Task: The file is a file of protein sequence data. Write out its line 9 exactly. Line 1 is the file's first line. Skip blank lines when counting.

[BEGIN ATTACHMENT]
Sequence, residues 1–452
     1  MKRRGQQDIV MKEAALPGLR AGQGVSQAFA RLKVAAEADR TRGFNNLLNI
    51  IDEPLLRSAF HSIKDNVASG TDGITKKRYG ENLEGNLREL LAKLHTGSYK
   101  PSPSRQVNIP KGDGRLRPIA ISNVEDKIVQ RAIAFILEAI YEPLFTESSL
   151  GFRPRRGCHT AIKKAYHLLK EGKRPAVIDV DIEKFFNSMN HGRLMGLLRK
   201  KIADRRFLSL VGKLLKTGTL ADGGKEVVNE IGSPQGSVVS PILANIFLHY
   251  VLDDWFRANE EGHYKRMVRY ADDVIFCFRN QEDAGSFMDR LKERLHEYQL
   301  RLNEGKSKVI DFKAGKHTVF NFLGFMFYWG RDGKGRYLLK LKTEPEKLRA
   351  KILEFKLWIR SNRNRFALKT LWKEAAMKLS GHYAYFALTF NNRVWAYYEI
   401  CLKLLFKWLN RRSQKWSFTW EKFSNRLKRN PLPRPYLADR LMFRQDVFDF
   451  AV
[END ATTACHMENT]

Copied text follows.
   351  KILEFKLWIR SNRNRFALKT LWKEAAMKLS GHYAYFALTF NNRVWAYYEI